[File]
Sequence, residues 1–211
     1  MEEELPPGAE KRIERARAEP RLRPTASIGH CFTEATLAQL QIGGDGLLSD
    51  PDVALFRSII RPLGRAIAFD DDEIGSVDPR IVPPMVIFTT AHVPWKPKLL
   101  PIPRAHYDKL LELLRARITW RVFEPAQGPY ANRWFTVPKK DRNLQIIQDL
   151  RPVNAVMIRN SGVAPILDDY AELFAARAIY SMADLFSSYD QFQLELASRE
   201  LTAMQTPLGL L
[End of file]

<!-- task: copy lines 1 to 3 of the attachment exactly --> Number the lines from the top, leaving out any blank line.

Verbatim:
Sequence, residues 1–211
     1  MEEELPPGAE KRIERARAEP RLRPTASIGH CFTEATLAQL QIGGDGLLSD
    51  PDVALFRSII RPLGRAIAFD DDEIGSVDPR IVPPMVIFTT AHVPWKPKLL